Monday, March 26, 2012

Words From the Wise #6 - Jez Alborough

I must say as we are entering week 6 of Words From the Wise, I have learned an incredible amount from all of the very talented people that I have had the pleasure of interviewing.  I hope that you have all been enjoying this feature, and will continue to enjoy in the weeks to come.  As always, if you have someone who you are interested in meeting here, or would like to be featured yourself, please let me know.

Today we are honored to learn all about author/illustrator, Jez Alborough.  Since 1984 we have all enjoyed his picture books about animals.  His books have helped us all to smile, laugh, cuddle our children, and to learn from his craft.  This year he comes out with his latest book, Six Little Chicks.  He also has a newly revamped portion of his website called The Club.  Be sure to check it out and to join.

Without further ado, here is a guest post by Jez Alborough. . . take it away!













I have two fantastic jobs: writing children’s books and illustrating them. My wife came up to my studio at the top of our house last week and found me cutting, folding and sticking pieces of card to create a paper engineering version of the dashboard of a truck belonging to a Duck. I had spent all day finding a way to have the movement of a tab change the gears, raise the needle on the speedometer and the engine temperature gauge. She looked at me as I sat there, tugging at the tab - driving my make believe truck and said: "You just sit up here and play all day."

How I spend my time now is not that dissimilar to how I spent it as a child - drawing and making up stories. Nowadays however I do it at a desk instead of lying on my belly with my feet waving in the air. Back then, when I wasn’t outside playing football (my other great love as a child) I could be found inside, spread-eagled on the carpet creating a football match in two dimensions with a pen, a sheet of paper and a fertile imagination. As I sketched my favourite players displaying their skills – with correct kits, haircuts and facial likenesses - I would speak the words of the imaginary commentator: ‘it’s Charlie Cooke... just look at him - weaving through the defence... past Bremner, past Peters, and he’s through...’ Then, as I scribbled in the circles representing the distant faces in the grandstand (a trick learnt from SHOOT magazine) I would give voice to the roar of the crowd reacting to Charlie Cooke’s break for the goalmouth.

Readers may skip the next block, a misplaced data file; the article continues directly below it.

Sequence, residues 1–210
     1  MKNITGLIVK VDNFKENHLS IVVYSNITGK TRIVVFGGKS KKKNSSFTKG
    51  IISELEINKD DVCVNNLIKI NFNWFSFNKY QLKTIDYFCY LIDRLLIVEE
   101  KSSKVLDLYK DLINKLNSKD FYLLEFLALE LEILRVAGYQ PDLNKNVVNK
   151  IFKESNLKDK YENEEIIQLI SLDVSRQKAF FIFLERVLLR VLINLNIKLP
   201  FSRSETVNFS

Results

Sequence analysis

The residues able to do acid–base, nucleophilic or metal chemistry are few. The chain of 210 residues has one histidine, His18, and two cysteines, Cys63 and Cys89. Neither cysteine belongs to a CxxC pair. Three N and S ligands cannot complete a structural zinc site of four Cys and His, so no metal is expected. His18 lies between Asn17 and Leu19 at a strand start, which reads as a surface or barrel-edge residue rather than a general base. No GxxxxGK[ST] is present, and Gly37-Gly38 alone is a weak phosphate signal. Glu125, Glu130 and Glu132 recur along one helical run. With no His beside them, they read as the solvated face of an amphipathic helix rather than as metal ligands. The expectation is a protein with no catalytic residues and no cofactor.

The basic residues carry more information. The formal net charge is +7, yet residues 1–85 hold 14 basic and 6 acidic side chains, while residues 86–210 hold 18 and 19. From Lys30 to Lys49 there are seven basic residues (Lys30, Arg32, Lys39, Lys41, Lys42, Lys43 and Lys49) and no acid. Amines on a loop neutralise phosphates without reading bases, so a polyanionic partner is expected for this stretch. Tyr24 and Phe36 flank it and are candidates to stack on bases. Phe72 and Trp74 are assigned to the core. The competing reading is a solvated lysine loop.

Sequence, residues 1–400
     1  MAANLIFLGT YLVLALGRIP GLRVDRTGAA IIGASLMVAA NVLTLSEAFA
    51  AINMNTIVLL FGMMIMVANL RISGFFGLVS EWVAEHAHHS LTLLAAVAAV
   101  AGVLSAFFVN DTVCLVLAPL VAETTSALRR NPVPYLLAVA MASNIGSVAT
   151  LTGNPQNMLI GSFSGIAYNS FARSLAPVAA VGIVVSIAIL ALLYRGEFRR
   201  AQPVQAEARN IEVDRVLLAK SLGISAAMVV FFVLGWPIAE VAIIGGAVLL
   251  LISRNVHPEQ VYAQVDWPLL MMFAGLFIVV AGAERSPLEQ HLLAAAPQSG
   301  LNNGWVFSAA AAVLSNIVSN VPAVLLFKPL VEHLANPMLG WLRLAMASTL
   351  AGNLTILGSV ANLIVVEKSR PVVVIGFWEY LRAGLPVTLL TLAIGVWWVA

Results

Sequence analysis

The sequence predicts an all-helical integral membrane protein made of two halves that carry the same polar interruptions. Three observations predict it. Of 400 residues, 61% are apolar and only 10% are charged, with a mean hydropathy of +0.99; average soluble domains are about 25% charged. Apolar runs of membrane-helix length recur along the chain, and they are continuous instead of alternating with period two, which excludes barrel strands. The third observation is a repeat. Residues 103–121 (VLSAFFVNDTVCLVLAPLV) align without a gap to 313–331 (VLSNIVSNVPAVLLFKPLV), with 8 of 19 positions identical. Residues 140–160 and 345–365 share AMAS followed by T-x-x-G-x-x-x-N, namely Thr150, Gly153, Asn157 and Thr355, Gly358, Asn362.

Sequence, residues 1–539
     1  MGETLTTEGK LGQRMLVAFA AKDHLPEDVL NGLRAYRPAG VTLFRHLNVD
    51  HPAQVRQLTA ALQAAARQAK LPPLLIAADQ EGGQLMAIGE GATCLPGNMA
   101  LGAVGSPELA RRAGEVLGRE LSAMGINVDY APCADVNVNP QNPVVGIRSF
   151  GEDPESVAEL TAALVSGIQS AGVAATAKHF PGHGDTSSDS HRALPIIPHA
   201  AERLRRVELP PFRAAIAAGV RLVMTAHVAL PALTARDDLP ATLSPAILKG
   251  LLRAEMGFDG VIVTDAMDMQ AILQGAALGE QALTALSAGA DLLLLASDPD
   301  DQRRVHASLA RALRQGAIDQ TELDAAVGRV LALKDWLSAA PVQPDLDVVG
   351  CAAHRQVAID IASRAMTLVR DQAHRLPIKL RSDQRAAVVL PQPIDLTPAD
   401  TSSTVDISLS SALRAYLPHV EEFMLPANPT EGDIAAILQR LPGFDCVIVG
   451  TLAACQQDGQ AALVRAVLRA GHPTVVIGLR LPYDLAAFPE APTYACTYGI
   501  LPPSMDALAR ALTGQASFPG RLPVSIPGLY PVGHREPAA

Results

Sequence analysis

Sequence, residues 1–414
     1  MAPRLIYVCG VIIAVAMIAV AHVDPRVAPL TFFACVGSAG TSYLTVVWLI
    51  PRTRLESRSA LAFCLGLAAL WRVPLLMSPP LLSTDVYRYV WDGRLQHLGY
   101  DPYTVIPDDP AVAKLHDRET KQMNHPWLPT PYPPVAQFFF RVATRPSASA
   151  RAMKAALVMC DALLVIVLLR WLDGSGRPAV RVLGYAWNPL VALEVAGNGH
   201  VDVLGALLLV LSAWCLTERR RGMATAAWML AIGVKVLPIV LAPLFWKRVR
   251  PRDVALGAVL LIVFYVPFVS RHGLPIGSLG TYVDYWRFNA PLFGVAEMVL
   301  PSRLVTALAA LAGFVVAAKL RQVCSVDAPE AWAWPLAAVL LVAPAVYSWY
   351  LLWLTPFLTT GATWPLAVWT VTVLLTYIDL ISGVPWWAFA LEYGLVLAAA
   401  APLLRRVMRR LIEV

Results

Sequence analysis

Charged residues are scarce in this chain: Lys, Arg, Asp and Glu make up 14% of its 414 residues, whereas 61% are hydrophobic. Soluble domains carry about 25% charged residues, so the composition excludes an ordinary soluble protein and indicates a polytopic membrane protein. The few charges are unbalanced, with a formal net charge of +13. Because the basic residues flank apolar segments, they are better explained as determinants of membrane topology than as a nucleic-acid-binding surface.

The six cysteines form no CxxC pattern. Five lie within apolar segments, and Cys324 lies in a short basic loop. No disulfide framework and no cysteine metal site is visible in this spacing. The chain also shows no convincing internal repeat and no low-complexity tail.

Later I started drawing my own made up characters using a repertoire of funny voices to express out loud what I Imagined they were saying to each other. Giving them the power of speech added a whole new dimension to the creation; it made the characters as real as they were in my head - and it was a lot more fun.

Using a convention I had learnt from Dennis the Menace in the BEANO I started writing down what they were saying in speech bubbles above their heads. In retrospect I can see that comics were my first teachers on the road to being a children’s book author and illustrator. Comics gave me a graphic vocabulary which I still use today; they taught me how to break up the story into important scenes and how to compose these scenes within a frame. Most importantly I learnt how beautiful a simple black line can be when it is drawn with the confidence to allow a certain amount of relaxation.

As I grew up I used every opportunity to practice my love of drawing and story telling. At primary school I remember the excitement of finishing an exercise book because this became a passport to get me into the Aladdin’s cave of the stockroom to obtain a new book. Some artists talk about the fear of a blank page of paper but to me it has always been an exciting invitation to catch with my pen the images and ideas that were floating about in my head.
What I treasured most amongst the pens, erasers and sugar paper were those exercise books which had ruled pages on one side and blank pages on the other. For me these were an invitation to create my first picture books. Now my character’s speech would appear in a block of text opposite the illustrations. I recall Custer, with long flaxen hair and droopy moustache being the hero of one of these early books – the influence of a television series. I don’t recall showing these books to my teacher or parents - they were made solely for my own enjoyment, for the pure pleasure of play.
This same principle applies to the books I create today. The best stories come out of a pure sense of play – without thoughts of how they might be received by an audience. These more grown up considerations come later. The first stage is purely selfish; I’m making a book simply because I love doing it.
Having mentioned comics and T.V programmes as sources of inspiration for my creativity (lets not forget TOP CAT) I would like to be able to reel off the names of many treasured picture books which had enriched my development. The truth is, back in the early sixties there simply wasn’t the array of fantastic 32 page works of art that bookshops are bursting with today. I do remember the poems and drawings in WHEN WE ARE SIX by A.A. Milne (thank you whoever brought that into our home) and a book of riddles by (Bennet Cerf?) illustrated with beautifully simple brushline drawings. Years ago, just before giving a reading to a group of children in a library, I found a copy of this book on the shelves. As I scanned the graceful drawings which I hadn’t seen for decades I realised that I knew every brushstroke by heart. As a boy I had the memorised lines just as faithfully as if they had been lines from a favourite poem. I hadn’t just seen the pictures, I had read them, and the language I had learnt from studying was utilized in my drawings and still is today.
After school I spent three years at Art College – accompanied the whole time by a succession of sketch books. These were whipped out at every opportunity to record the minutiae of student life in drawings. Any interesting, quirky things being said would be scribbled underneath or in a speech bubble. Once again the words helped to bring the picture to life.
I have always been interested in the marriage of words and pictures and it is this fascination which informs my work today. I am lucky in that if I have a story to tell - I have two versatile and complementary tools with which to tell it. With picture books the fun comes in deciding what you tell in words and what is best said in the language of pictures.